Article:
Laeticia Lagueux doing very well after undergoing heart transplant operation when she was three weeks old


The Montreal Children's Hospital of the McGill University Health Centre is very happy to announce that Laeticia Lagueux has been discharged and is doing very well after receiving a new heart on September 13, when she was only three weeks old. Laeticia is the youngest child in Quebec to receive a heart transplant. Since her surgery, she has gained weight and is interacting with her parents, the nurses and the doctors.

At birth

Laeticia was born during the afternoon of August 20. She immediately began to have difficulty breathing and her heart was beating very quickly. She was intubated and transferred within 24 hours to the Children's Intensive Care Unit (ICU), where she was placed on ventilatory support and her medical team began to look for the cause of her medical problems.

The newborn was diagnosed with congenital cardiomyopathy; basically, she had an enlarged heart and the heart muscle was functioning poorly. Her heart was structurally normal, but the muscle of the heart was too weak and could not pump adequately.

Laeticia's condition continued to deteriorate. On September 3, her name was placed on the North American organ donation list and the wait began for a new heart. On September 13, a heart became available and Drs. Renzo Cecere and Christo Tchervenkov successfully performed the heart transplant operation.

"Laeticia is very fortunate to have received a heart so quickly," said Dr. Tchervenkov, Director of Pediatric Cardiovascular Surgery, the Montreal Children's Hospital, and Professor of Surgery, McGill University. "After the surgery, her condition improved quickly and she was extubated within five days, which is amazing."

Dr. Cecere, cardiac surgeon and Surgical Director of Adult and Pediatric Heart Transplantation and of the Mechanical Heart Program, points out that infants under the age of three months tolerate transplants, especially heart and liver transplants, better than older infants and children because their immune system is not fully developed, making their bodies more able to accept the new organ.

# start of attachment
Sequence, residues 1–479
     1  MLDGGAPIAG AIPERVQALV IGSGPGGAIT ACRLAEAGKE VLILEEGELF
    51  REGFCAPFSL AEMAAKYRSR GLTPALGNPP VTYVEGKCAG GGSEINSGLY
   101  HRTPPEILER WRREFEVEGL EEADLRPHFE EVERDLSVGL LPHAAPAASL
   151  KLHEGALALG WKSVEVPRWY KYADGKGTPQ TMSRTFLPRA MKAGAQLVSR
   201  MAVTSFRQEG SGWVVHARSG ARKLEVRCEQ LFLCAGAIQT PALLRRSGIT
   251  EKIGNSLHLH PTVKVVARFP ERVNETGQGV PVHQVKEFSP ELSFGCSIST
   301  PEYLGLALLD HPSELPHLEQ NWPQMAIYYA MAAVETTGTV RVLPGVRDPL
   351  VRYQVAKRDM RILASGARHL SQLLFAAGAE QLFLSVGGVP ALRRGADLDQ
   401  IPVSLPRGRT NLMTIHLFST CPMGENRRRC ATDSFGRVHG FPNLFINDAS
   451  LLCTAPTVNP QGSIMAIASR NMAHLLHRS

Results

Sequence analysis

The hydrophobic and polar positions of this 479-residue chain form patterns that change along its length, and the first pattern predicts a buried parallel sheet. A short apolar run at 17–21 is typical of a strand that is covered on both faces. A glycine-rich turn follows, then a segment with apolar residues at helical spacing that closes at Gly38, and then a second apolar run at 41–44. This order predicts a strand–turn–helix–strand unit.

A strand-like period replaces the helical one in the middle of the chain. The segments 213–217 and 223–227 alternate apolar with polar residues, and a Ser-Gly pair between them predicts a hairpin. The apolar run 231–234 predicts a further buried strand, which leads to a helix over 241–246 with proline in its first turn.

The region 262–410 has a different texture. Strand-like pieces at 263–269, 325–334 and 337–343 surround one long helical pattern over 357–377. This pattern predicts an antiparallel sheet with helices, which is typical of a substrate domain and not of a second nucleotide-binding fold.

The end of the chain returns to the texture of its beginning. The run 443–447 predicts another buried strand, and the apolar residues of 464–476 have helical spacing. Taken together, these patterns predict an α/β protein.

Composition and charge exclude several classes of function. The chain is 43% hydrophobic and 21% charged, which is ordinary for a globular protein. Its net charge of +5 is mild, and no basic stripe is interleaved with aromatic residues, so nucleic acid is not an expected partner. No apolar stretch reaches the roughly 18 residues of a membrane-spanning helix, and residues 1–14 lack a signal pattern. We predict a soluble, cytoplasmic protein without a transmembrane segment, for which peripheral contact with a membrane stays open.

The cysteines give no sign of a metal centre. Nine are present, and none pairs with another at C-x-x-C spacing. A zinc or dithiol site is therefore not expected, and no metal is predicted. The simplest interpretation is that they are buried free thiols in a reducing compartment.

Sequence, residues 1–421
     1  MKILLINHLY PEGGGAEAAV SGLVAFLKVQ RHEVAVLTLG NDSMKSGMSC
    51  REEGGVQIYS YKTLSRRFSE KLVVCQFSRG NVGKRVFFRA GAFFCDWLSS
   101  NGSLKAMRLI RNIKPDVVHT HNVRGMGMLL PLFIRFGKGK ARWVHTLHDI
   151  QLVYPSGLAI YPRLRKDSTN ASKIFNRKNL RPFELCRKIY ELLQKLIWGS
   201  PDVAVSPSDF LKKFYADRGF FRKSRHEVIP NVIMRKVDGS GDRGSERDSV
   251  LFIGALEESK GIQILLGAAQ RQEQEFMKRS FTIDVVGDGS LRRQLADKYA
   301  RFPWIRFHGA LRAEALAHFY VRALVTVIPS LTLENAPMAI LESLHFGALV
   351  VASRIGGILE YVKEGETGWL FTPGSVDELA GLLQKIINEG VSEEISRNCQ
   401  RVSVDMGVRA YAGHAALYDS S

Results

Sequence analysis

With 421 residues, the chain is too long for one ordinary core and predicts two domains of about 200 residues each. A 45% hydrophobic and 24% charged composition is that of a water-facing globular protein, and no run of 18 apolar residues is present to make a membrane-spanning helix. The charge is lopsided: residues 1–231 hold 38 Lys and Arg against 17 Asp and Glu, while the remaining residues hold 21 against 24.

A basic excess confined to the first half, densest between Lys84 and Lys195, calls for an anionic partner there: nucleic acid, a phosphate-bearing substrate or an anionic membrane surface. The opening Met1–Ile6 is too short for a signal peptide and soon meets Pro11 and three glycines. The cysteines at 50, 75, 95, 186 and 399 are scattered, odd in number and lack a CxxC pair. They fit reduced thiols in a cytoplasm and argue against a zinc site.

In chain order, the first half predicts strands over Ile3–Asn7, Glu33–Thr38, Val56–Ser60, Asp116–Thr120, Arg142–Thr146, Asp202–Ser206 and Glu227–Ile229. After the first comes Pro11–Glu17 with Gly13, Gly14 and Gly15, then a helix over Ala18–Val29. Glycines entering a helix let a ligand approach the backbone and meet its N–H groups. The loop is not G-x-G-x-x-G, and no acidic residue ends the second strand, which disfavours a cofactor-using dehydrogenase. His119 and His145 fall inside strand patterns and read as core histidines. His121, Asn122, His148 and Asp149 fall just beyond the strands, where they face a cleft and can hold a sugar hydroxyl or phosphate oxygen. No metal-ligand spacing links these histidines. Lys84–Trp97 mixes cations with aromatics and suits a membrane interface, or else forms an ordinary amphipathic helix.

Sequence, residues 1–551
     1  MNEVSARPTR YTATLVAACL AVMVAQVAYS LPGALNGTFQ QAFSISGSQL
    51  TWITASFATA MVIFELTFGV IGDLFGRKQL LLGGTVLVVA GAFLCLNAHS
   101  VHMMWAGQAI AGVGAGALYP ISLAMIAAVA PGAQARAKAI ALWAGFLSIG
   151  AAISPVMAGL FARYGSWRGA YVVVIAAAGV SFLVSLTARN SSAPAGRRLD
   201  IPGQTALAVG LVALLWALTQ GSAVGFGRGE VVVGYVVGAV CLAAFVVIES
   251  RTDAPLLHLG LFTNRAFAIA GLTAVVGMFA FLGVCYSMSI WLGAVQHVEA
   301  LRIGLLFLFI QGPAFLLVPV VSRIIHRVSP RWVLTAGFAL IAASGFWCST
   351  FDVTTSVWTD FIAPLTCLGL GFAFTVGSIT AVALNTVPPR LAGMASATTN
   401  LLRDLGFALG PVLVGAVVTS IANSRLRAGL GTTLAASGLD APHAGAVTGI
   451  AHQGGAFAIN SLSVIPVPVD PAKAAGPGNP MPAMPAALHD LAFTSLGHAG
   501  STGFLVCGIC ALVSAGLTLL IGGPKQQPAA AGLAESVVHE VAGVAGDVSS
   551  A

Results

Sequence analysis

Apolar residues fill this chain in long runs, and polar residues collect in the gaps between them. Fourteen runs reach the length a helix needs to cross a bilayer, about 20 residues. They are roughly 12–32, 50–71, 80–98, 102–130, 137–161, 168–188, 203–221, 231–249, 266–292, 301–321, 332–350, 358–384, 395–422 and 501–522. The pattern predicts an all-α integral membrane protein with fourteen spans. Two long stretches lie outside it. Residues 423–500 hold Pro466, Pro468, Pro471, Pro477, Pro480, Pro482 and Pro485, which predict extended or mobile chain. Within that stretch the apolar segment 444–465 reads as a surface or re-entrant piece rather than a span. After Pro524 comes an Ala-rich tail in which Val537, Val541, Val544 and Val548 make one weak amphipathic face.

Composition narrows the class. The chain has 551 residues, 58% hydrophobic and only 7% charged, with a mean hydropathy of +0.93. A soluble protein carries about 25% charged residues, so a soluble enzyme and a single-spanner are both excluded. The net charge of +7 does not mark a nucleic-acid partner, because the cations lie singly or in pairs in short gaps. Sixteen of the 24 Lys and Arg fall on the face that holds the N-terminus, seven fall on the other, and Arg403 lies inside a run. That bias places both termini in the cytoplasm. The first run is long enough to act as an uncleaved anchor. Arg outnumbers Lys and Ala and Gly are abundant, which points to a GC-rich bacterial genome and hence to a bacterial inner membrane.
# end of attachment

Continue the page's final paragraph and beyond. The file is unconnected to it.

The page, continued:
Post-operative care

It is imperative that Laeticia remain infection free for at least six months because her immune system is suppressed and an infection could provoke her body to reject her new heart. There will be a risk of rejection for one to two years. Currently she is taking four different medications, but this will eventually be reduced to two medications per day.

"Laeticia's care down the road will be very simple. Within a year, she should be like any other little girl, and developmentally should have caught up with her peers and will be able to attend daycare and school," said Dr. Geoffrey Dougherty, Division Head of Intensive Ambulatory Care Service and Associate Pediatrician-in-Chief.

The Intensive Ambulatory Care Service of the Children's will follow Laeticia until she is 18 years old and transferred to our adult hospital. The highly specialized team in this department treats children with very challenging conditions on an out-patient basis. Laeticia will likely have an appointment every three months.

Down the road

Looking down the road, it is difficult to predict how long Laeticia's new heart will last. There are children who had heart transplants 17-18 years ago. "We just don't know. The field of heart transplantation has changed very quickly. In the last five years, a variety of better anti-rejection medications have come on the market. We presume our patients will do better, we just don't know how much better," said Dr. Dougherty.

Contact Information

Lisa Dutton
The Montreal Children's Hospital, MUHC
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